If there was an esophageal injury from a bullet that was not treated for 20 hours, the situation becomes more grave with the rising possibility of mediastinitis or inflammation of the mediastinum, a condition with a high mortality.
In the case of a gunshot wound to the esophagus, it would be debrided with the fashioning of a spit fistula with no attempt at a primary repair. Wide spectrum antibiotics with coverage with anti-fungals would be begun immediately. A Stamm gastrostomy (surgically placed feeding tube through a small incision in the stomach) would most likely be used to effect feeding in the case of esophageal disruption.
Similarly, the airway patency of the trachea was likely directly explored through surgery and then with a bronchoscopy to view the lumen directly from the inside.
Damage to the venous structures of the neck are generally easy to control through direct ligation. Damage to the carotid artery would likely be managed surgically with debridement and then with a patch angioplasty or artery harvested from elsewhere the body or from cadaver artery.
There are also newer techniques such as embolization that can be used in a partial circumferential injury to a neck artery, particularly if the injury is the posterior vertebral artery.
Seventh, the leg gunshot wound can be serious depending on where the wound was sustained. It is more than possible to bleed to death from a femoral artery wound, which runs from the groin through the deep medial leg next to the femur. An injury to the femoral artery is probably less likely as the patient did not completely bleed out.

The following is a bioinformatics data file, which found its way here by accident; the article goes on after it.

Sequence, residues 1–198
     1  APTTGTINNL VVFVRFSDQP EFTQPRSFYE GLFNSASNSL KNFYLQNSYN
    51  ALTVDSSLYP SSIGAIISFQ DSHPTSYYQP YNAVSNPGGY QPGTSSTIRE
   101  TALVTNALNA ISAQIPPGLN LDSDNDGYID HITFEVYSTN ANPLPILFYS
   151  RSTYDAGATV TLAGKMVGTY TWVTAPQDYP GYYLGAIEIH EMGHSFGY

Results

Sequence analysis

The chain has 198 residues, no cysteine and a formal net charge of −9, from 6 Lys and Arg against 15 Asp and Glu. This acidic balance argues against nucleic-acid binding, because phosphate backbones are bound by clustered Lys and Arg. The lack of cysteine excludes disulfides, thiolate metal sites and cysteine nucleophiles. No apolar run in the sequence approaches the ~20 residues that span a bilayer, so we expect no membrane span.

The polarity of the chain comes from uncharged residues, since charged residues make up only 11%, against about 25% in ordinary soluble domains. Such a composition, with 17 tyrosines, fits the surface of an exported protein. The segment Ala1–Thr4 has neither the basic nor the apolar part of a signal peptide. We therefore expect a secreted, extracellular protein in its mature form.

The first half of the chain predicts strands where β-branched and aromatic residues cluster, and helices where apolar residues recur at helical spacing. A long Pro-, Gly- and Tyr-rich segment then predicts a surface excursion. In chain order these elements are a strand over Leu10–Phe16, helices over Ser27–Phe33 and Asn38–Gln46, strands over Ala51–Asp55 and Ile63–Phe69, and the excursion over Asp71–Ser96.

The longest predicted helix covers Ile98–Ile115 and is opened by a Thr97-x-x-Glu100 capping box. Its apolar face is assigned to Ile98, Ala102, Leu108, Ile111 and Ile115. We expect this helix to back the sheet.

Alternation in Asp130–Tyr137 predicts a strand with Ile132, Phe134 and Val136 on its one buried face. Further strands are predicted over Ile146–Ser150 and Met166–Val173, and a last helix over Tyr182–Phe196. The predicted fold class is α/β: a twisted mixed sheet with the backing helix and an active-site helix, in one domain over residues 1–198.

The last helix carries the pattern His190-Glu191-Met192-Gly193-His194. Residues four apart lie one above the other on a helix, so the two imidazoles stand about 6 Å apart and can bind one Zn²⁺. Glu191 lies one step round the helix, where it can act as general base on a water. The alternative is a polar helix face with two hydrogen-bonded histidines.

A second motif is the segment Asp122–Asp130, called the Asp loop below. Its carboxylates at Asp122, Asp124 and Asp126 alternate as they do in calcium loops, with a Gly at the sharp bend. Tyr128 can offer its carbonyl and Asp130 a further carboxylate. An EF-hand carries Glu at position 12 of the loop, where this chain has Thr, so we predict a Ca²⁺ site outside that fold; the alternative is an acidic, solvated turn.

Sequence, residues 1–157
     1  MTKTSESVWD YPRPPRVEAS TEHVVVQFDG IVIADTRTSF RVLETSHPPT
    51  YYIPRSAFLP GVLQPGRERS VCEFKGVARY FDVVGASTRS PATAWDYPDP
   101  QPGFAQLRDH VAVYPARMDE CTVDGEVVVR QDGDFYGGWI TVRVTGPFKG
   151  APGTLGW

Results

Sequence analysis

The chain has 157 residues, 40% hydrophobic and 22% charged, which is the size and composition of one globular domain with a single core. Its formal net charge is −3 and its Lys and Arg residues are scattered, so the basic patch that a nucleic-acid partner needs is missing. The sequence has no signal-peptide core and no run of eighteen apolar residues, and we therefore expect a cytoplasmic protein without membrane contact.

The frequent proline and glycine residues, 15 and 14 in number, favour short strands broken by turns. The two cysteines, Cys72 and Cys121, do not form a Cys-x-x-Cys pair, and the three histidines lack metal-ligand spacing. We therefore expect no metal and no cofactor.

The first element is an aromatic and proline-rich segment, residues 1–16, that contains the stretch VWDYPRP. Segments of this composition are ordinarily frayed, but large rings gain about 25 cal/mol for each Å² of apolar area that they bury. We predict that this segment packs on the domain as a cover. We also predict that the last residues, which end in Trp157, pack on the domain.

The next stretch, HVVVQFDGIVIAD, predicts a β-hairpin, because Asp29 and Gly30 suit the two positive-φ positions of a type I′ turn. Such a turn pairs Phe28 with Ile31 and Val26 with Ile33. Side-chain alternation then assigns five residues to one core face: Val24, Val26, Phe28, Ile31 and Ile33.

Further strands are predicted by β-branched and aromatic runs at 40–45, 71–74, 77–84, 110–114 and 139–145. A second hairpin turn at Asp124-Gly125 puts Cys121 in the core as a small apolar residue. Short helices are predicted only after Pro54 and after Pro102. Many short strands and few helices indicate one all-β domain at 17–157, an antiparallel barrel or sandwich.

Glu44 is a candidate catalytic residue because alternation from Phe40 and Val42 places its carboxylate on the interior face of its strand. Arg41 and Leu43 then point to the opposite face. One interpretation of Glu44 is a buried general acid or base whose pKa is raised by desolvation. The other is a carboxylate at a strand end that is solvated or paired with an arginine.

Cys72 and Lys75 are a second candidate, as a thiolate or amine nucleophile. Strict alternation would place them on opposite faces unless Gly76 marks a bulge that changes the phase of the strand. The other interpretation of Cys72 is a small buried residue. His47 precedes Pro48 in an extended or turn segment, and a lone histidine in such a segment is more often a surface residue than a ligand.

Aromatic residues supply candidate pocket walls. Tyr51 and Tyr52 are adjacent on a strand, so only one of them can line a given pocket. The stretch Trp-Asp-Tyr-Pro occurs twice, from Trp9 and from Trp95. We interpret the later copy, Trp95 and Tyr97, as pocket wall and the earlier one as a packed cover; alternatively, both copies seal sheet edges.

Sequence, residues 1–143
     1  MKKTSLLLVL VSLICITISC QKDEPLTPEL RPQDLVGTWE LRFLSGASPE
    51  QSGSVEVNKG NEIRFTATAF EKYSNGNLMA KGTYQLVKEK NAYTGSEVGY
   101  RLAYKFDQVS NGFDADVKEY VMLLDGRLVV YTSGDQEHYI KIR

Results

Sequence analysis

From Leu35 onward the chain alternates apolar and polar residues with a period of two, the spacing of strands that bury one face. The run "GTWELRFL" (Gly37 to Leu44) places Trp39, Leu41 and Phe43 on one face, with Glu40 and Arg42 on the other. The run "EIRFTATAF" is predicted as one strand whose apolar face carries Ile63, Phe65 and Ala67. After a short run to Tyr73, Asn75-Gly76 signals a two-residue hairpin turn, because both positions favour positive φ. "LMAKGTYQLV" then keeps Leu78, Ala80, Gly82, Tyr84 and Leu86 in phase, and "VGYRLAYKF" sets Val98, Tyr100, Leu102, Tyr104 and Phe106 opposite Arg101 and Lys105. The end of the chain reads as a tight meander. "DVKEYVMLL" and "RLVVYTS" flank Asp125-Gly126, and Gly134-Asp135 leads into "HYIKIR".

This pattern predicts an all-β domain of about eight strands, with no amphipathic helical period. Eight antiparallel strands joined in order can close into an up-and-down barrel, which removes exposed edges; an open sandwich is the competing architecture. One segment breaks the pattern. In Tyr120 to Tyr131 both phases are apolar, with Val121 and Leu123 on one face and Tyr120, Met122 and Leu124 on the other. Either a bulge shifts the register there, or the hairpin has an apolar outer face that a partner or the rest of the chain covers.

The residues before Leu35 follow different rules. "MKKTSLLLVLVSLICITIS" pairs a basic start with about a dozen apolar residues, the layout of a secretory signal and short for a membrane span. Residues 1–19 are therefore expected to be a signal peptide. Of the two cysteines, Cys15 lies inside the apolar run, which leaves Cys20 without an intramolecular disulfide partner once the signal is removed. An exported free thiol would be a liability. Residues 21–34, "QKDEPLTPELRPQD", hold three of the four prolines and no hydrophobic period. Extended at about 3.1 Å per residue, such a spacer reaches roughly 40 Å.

It appeared that the patient was able to ambulate enough to raise himself up from the bottom of the boat and then swing his leg over the side and straddle himself before hitting the ground. This makes the likelihood of a serious femoral fracture unlikely as it is generally not possible to bear much weight on a fractured femur. Fractures to the tibia (non weight bearing) generally are much simpler to fix than femur fractures.
Gunshots to the lateral part of the leg can result in tissue loss and pain but are rarely life threatening. He will receive tetanus prophylaxis for the leg and the neck wound.
Eighth, the suspect no doubt received a head CT and CT angiogram of his neck to check for injuries or intimal flaps to the verterbral arteries. Injuries to these arteries are difficult to treat surgically and bleeding is controlled through embolization. Intimal tears and flaps are usually treated with anticoagulation.
Ninth, the suspect will likely be kept intubated and sedated for several days on while on the respirator in the intensive care unit. However, once his gunshot wounds have been addressed and his transfusion needs resolved, he will likely improve quickly owing to his youth and apparent good health. He almost assuredly will not be well enough to make a court appearance this weekend.
Finally, while in the ICU he will be at risk for transfusion-related lung injury, ventilator associated pneumonia, deep vein thrombosis, central line related bloodstream infection, and Clostridium difficile infection (infection of bacterial overgrowth of the colon.)